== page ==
She wanted to pitch the idea to the Saloon management. She'd sneak it into conversation with  Mr. Flandry first because, although he was a saturnine and taciturn sort of a man, he somehow seemed more open to her exciting and brilliant new ideas than Ms. Devereau, who had quickly fallen into the habit of issuing a peremptory “No!” almost as soon as Arabella opened her mouth about anything. As for Cookie, she had just looked on with a sort of bemused horror when Arabella had demonstrated the dance to her in the kitchen last Saturday.

 

 

 

Edited by Javia (see edit history)
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Of course he had heard of the Can Can. He was a traveler, who spent a lot of time in pubs and saloons plus he had been part of Thomas' gang.

The Can Can was every non married mans delight. Who didn't like to peek under womens skirts? It was a very enticing dance.

That this little girl was playing it was a little irritating, though. Did she aspire to be a Can Can dancer?

 

It was fun to hear the tune nevertheless and put a big grin on his face as he clapped along and whistled the famous tune.

"That would be a splendid idea. You'd be making a fortune. People would come from near and far...and it's not that uncivilized...I think it's French!"

Jay knew that no saloon owner in his right mind would cart in French dancers...but who knew. Maybe the local girls wanted to swing their legs in unruly ways. He poured himself another glass and had a sip. "You could be playing the piano...Maybe dance a bit, too?"

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It was fun to hear the tune nevertheless and put a big grin on his face as he clapped along and whistled the famous tune.

 

Arabella was mighty pleased that the stranger was enjoying her playing so much and kept on with renewed vigor, la la la-ing the melody along with his whistling.

 

"That would be a splendid idea. You'd be making a fortune. People would come from near and far...and it's not that uncivilized...I think it's French!"

 

“Oh, Mr. Jay, them Frenchies ain’t civilized! They eats frogs an’ snails an’, as if that ain’t enough, just of late they’ve taken to snafflin’ up rats. Why, do you know that folks in Paris hardly eat nuthin’ else but rats. And as fer ladies showing their bloomers when they dance, well that ain’t civilized, but you’re right, it sure is exciting!”

 

Jay knew that no saloon owner in his right mind would cart in French dancers...but who knew. Maybe the local girls wanted to swing their legs in unruly ways. He poured himself another glass and had a sip. "You could be playing the piano...Maybe dance a bit, too?"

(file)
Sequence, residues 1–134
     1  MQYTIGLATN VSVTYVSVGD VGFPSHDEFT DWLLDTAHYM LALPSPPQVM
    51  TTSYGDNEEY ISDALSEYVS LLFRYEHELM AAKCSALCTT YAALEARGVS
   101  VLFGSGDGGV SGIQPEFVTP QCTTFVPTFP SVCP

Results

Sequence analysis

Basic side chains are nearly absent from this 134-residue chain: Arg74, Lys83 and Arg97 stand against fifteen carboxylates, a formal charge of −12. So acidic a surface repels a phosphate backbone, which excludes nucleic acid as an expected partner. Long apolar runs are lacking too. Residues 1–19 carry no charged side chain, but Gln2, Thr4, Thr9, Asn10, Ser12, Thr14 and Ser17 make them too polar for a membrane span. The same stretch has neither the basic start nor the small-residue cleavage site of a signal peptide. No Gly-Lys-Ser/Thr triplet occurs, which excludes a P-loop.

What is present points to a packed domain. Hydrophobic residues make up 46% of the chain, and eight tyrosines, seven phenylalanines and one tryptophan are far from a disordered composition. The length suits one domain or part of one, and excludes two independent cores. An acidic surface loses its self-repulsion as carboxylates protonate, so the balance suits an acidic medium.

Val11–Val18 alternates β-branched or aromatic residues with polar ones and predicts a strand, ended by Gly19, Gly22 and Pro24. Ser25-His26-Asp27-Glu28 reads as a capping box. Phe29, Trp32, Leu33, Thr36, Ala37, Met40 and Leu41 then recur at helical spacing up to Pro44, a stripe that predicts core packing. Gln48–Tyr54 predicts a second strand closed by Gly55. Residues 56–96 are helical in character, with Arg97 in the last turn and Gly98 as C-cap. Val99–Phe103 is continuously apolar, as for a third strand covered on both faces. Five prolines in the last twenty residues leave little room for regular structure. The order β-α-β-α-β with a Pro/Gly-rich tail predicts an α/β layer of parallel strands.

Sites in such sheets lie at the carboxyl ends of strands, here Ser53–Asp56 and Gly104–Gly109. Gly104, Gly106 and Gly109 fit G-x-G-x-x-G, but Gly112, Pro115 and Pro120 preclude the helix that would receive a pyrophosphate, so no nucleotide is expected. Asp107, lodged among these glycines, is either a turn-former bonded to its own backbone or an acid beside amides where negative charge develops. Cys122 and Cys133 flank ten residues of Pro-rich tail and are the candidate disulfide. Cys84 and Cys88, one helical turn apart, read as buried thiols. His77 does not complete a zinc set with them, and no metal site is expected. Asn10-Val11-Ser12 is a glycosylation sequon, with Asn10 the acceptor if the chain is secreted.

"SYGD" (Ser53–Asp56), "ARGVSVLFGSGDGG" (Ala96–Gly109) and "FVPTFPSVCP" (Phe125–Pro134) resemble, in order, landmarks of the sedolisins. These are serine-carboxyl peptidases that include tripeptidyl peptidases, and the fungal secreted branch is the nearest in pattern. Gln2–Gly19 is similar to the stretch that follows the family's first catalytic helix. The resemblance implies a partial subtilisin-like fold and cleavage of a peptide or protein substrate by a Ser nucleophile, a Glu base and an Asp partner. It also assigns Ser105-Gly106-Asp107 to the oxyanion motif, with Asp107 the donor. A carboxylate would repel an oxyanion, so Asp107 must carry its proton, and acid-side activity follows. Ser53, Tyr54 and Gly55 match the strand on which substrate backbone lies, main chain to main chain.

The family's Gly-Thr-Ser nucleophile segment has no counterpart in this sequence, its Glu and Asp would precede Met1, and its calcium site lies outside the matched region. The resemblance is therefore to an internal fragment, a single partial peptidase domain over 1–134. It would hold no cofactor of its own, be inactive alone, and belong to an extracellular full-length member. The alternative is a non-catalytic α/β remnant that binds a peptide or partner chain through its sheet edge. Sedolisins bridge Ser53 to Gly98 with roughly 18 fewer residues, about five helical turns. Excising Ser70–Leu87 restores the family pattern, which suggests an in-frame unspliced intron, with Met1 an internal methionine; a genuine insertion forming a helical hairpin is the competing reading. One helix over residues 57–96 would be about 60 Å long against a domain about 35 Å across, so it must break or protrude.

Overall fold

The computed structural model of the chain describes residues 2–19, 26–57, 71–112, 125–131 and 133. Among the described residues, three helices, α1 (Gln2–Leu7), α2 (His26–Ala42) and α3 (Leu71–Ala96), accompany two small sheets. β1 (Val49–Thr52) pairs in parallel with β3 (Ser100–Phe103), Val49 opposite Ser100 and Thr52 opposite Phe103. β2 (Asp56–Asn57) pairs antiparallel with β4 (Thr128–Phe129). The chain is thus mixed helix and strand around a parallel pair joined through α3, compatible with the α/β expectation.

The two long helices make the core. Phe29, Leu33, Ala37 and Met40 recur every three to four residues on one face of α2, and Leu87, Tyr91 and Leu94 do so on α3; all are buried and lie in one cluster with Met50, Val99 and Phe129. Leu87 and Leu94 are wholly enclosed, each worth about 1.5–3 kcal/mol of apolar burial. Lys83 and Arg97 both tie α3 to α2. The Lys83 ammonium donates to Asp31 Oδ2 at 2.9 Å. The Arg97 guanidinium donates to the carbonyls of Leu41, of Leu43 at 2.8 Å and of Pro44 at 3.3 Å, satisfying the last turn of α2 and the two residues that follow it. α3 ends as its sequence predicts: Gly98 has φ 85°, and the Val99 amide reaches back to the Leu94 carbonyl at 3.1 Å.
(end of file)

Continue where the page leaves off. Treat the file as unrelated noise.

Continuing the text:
The young girl laughed. “Well, I’m no mean dancer, Mr. Jay, in fact I’m one o’ the best dancers in Virginia, and that probably makes me the best dancer in the Montana territories! I can do the waltz and the polka and the schottish and the Paul Jones, oh and just all of em! Don’t think no-one’d pay to see my legs though: Mammy Cookie says they’re like a pair o’ pipe cleaners!” she admitted with a note of jollity in her voice.

 

“No, I’d never go to France. They’re Cath’licks, too." she added for good measure. "I’d go to England, see all them castles and knights in armour and meet the poor old Queen. I’m in mournin’ just like her!” she added, remembering the black crepe armband she was sporting on her sleeve while merrily playing the Can Can on the piano.

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Jay laughed out loud about her comment about her pipe cleaner legs. "That sound hilarious. I'm sure they are fine...let's try those legs of yours."

He encouraged the girl by holding out his hand for a dance. "As a proper Englisman I know how to walz...do me the favour."

Jay pulled took her hand and kept a proper distance when the turned and twisted around chairs and tables in the empty saloon.

"I'd go to France anytime. Sounds like my kind of place." Again he laughed. Jay never expected to have such a good time on a fine afternoon as the only customer of an underage bartenderess.

"So where is the actual owner really? Did you just make him up?" His tongue had gotten a little loose thanks to the tree shots of whiskey.

 

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Jay laughed out loud about her comment about her pipe cleaner legs. "That sound hilarious. I'm sure they are fine...let's try those legs of yours."

 

Arabella jumped a little at this request and hit a couple of off key notes. He wanted to see her legs?

 

He encouraged the girl by holding out his hand for a dance. "As a proper Englishman I know how to walz...do me the favour."

 

Oh! He wanted to try her legs as in, have a dance with her. Well, that was all right, except, of course, she couldn’t play the piano and dance at the same time. “All right, we’ll have to hum the music though.” She reasoned out loud. Not able to leave the tune half way through a phrase, she waited until she could decently wrap it up with a neat little coda, and then twiddled around on the adjustable piano stool.